The Supreme Court ruled on Tuesday that aliens subject to deportation can be detained without a bond hearing if they fall under certain statutory specifications, even if the government waited years to apprehend them. Much of the debate between conservative and liberal justices centered on how the specific language of a statute should be read. This led Justice Stephen Breyer to use a steak recipe to show why he believes the majority’s interpretation was not exactly well done.
Before we get into the, um, meat of the argument, here’s the statute in question, 8 U.S.C. 1226(c):
(c) Detention of criminal aliens
(1) Custody The Attorney General shall take into custody any alien who—
(A) is inadmissible by reason of having committed any offense covered in section 1182(a)(2) of this title,
(B) is deportable by reason of having committed any offense covered in section 1227(a)(2)(A)(ii), (A)(iii), (B), (C), or (D) of this title,
(C) is deportable under section 1227(a)(2)(A)(i) of this title on the basis of an offense for which the alien has been sentence  to a term of imprisonment of at least 1 year, or
(D) is inadmissible under section 1182(a)(3)(B) of this title or deportable under section 1227(a)(4)(B) of this title,
when the alien is released, without regard to whether the alien is released on parole, supervised release, or probation, and without regard to whether the alien may be arrested or imprisoned again for the same offense.
Basically, the statute says that aliens who have committed certain crimes (specified in subcategories A-D) who are then released, face mandatory detention by the Department of Homeland Security. This means that they are not granted bond hearings, so they have no chance of being granted release prior to their deportation cases being heard. The case before the Supreme Court dealt with individuals who were not detained by DHS until well after they had been released from criminal custody. The majority, overruling a lower court decision, said this was fine, while Breyer (joined by Sotomayor, Ginsburg, and Kagan) said that because they weren’t apprehended by DHS right away, they should have been granted a bond hearing once they were finally picked up.
The majority, led by Justice Samuel Alito, points to the next part of 8 U.S.C. 1226(c), which addresses when the government “may release an alien described in paragraph (1).” This resulted in a grammatical debate over which aliens are “described in paragraph (1).”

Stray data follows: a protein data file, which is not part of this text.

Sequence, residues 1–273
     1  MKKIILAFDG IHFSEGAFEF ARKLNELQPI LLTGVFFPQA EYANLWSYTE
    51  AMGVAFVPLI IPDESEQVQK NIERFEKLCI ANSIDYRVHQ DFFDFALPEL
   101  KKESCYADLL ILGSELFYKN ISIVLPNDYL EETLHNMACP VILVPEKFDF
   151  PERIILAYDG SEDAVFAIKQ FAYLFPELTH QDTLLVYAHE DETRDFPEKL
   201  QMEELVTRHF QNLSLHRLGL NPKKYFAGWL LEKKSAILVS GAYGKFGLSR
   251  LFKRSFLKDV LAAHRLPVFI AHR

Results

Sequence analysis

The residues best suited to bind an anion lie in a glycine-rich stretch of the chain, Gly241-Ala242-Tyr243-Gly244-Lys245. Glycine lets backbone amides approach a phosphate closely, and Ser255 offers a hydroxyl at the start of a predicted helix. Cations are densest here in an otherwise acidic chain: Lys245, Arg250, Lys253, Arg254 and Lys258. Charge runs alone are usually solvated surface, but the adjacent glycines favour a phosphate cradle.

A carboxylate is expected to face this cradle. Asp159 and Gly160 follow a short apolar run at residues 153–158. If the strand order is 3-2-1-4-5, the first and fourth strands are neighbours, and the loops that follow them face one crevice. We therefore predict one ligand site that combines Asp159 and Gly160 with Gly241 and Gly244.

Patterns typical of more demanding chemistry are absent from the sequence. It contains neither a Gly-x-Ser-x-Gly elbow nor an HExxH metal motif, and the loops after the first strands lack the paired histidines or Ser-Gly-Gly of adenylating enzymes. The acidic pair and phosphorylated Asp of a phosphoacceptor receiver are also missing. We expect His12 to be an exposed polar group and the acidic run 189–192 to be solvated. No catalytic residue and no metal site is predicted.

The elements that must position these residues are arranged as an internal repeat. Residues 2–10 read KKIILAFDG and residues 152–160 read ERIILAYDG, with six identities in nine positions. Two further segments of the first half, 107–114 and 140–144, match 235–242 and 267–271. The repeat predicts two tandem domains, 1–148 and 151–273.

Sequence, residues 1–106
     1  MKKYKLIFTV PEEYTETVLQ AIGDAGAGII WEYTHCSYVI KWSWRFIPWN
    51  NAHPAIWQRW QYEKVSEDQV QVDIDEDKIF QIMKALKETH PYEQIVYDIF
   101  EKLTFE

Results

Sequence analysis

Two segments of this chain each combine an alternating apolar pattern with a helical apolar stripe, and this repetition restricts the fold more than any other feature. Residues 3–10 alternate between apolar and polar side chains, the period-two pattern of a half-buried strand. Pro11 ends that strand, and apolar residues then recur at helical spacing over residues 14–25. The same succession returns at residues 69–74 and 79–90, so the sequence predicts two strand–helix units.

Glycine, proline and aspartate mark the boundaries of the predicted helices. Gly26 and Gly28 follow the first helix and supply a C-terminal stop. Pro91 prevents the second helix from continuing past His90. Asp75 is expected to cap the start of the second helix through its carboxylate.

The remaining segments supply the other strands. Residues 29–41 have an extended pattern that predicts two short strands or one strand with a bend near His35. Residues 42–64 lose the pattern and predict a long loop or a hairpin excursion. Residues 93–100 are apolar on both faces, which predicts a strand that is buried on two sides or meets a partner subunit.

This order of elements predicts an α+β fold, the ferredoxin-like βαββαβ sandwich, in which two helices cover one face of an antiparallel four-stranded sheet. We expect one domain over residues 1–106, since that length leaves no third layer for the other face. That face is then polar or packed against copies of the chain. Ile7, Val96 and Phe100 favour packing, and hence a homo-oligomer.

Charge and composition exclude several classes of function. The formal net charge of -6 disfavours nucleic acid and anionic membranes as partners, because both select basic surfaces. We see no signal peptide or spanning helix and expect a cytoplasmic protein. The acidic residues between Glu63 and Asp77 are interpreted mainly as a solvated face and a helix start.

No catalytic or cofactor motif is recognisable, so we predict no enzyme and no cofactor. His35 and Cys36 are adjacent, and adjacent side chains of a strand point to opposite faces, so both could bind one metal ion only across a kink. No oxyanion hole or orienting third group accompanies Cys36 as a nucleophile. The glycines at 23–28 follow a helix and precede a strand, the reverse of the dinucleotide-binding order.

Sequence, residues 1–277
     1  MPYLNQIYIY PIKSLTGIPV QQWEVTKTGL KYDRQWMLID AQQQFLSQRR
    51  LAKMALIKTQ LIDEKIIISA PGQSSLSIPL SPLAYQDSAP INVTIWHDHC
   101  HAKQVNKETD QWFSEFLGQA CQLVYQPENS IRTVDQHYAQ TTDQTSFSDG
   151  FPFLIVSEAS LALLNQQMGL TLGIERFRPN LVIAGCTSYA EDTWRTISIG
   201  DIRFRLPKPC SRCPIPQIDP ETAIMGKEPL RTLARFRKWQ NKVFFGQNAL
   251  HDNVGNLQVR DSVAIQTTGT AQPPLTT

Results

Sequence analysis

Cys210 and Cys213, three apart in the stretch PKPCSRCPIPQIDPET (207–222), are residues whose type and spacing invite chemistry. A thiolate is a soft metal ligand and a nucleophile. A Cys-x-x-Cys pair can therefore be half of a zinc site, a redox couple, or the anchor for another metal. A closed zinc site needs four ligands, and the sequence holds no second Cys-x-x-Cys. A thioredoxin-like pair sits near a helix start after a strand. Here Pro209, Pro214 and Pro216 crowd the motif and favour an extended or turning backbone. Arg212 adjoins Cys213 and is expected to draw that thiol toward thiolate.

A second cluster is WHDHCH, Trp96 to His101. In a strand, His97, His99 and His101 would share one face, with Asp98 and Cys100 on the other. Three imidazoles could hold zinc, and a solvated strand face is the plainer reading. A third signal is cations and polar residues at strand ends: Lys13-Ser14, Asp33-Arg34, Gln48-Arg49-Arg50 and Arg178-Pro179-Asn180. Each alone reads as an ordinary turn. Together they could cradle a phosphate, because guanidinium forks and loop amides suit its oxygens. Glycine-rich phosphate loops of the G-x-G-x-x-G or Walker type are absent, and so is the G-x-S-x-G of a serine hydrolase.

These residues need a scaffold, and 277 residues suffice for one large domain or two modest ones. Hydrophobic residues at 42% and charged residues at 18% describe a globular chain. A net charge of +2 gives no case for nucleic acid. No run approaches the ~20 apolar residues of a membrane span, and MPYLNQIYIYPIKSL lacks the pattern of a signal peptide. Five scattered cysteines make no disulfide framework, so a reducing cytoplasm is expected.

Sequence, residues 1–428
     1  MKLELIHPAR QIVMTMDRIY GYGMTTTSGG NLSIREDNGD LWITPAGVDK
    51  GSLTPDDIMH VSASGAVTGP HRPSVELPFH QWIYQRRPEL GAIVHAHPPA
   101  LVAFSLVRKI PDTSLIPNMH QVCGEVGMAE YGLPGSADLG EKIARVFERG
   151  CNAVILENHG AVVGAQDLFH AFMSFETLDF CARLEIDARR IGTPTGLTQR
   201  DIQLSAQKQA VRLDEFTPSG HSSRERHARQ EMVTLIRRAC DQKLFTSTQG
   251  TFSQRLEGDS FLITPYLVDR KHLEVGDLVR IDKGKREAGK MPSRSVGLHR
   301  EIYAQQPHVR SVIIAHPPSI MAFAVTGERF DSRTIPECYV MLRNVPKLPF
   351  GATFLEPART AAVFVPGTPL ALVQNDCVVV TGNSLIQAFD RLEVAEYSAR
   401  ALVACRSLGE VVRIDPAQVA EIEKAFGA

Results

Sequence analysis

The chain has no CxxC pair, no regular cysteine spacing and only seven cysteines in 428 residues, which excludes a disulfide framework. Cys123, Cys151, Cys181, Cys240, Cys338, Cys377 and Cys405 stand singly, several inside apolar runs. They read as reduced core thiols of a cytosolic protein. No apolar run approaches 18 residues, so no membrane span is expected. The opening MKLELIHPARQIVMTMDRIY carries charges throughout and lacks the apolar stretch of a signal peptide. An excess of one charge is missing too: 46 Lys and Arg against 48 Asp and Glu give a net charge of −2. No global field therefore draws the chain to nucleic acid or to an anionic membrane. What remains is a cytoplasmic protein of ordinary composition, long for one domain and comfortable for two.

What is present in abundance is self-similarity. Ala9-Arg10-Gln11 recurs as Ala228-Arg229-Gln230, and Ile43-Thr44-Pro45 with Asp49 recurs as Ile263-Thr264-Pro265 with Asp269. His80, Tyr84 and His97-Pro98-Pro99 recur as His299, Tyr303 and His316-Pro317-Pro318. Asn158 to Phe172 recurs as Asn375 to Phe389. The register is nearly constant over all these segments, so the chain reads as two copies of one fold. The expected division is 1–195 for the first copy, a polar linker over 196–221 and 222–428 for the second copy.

The majority said this isn’t a question, because the statute refers to “any alien” who falls under those four categories in subsections A-D, and the people involved in this case all fall under those categories. Alito wrote that the statute doesn’t provide any qualifiers for those who might be exceptions.
Breyer disagrees, stating that the phrase “when the alien is released” is instructive for when the person has to be detained in order to be deprived of a bond hearing. Alito said that basic grammar contradicts this, because “when the alien is released” is a phrase that modifies the action of “take into custody,” and not “alien.” Therefore, he says, all aliens that fall under those A-D categories are subject to mandatory detention.
That’s where Breyer’s steak recipe comes into play. He uses instructions for grilling meat to argue that Alito’s reading of the statute doesn’t make sense, and that while the phrase “when the alien is released” may not grammatically modify “alien,” it still describes it.
“Imagine the following cookbook recipe,” Breyer writes. “Instruction (1) says: ‘(1) Remove the Angus steak from the grill when the steak is cooked to 120 degrees Fahrenheit.’ Instruction (4) says: ‘(4) Let the steak described in Instruction (1) rest for ten minutes and then serve it.'”
Breyer goes on to ask, “What would we say of a chef who grilled an Angus steak to 185 degrees Fahrenheit, served it, and then appealed to these instructions—particularly the word ‘described’ in Instruction (4)—as a justification? That he was not a good cook? That he had an odd sense of humor? Or simply that he did not understand the instructions?”
The Justice makes the comparison to the case, saying:
The steak “described in Instruction (1)” is not just an “Angus” steak, but an “Angus” steak that must be “remove[d] . . . when the steak is cooked to 120 degrees Fahrenheit.” By the same logic, the alien in paragraph (1) is “described” not only by the four clauses—A, B, C, and D—that directly modify the word “alien,” but also by the verb (“shall take”) and that verb’s modifier (“when the alien is released”).
Just like the steak recipe requires the meat to be taken off the grill at a specified time, Breyer argues, so to an alien must be detained “when the alien is released.”
Alito apparently wasn’t convinced. Meanwhile, we’re wondering what steps 2 and 3 are in Breyer’s recipe.
[Image via John Moore/Getty Images]